Organized Crime Invades Cyberspace
Antivirus researchers say a surprising increase in virus and worm activity is linked to an underground economy in identity theft and spam. F-Secure antivirus research director Mikko Hypponen says the connection is not very new, though until recently the writers were thought to be only a rogue subculture.
He says MyDoom was the start of a concerted effort to make money from virus and worm infections. Although the MyDoom worm gained notoriety for its denial-of-service attacks against SCO and Microsoft, the more significant activity was going on behind the scenes, when someone scanned millions of IP addresses for backdoors left open by the virus. A network was set up, ready to service the underground spam market.
F-Secure analysts decoding encrypted messages in a version of Bagle found warnings to the author of the Netsky.R virus. Bands of hackers, likely Russian immigrants living in different European countries, had been using Bagle and other malware to expand their spam proxy networks, but the Netsky.R author used the infection to clean out those spammers’ viruses and was running denial-of-service attacks against their front Web sites.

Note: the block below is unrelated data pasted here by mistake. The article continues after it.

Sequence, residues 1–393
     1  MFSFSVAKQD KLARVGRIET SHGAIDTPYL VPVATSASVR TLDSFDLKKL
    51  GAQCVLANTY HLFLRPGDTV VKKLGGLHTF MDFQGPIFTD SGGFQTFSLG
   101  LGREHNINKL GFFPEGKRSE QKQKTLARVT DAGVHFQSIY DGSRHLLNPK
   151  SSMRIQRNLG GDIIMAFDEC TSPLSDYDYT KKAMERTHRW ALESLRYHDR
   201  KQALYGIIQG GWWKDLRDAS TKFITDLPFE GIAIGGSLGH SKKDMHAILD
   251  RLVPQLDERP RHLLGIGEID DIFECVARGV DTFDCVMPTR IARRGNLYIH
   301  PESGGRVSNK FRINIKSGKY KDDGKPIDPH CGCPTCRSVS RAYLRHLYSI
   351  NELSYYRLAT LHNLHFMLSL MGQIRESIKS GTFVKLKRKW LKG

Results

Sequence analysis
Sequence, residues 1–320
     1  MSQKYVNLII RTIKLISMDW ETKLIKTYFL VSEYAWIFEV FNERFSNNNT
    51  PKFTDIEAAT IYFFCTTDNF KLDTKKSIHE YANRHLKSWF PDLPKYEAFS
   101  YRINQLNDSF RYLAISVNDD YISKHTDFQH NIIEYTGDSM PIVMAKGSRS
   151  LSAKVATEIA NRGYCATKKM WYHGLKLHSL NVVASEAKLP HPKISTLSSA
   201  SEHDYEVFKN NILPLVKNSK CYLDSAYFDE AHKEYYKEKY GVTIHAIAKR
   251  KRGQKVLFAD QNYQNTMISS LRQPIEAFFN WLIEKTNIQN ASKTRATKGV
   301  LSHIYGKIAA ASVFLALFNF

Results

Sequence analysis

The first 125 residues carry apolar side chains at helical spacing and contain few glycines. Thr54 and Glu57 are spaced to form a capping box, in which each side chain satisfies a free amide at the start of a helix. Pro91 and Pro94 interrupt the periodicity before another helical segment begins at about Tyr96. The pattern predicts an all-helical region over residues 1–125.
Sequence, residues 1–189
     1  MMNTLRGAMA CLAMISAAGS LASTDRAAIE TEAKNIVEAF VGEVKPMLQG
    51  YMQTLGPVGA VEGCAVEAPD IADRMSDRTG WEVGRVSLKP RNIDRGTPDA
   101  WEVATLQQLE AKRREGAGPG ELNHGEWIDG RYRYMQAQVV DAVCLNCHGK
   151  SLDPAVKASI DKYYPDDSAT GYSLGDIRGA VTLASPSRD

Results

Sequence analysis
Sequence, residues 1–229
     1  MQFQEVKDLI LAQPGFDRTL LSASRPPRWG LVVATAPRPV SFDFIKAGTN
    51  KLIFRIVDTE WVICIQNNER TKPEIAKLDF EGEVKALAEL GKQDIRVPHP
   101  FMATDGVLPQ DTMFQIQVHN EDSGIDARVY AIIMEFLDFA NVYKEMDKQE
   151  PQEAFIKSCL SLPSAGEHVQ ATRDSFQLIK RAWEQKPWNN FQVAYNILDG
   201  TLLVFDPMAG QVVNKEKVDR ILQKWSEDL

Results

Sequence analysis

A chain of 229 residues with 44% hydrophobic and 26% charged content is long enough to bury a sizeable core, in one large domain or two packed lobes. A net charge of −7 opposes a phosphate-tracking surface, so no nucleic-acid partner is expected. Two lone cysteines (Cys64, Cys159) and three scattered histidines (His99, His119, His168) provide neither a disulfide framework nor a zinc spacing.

Symantec director Brian Dunphy says that a recent variant of MyDoom featured peer-to-peer networking capabilities that allowed the author to update infected machines and protect his network against rivals.
Viruses and worms are also being used to install Web servers on vulnerable systems; Web sites often sell subscription services on compromised computers. Some support identity theft rings, harvesting credit card and other information to sell underground.
Abstracted by the National Law Enforcement and Corrections Technology Center(NLECTC) from the Computerworld (08/30/04) Vol. 32, No. 35, P. 19; Verton, Dan.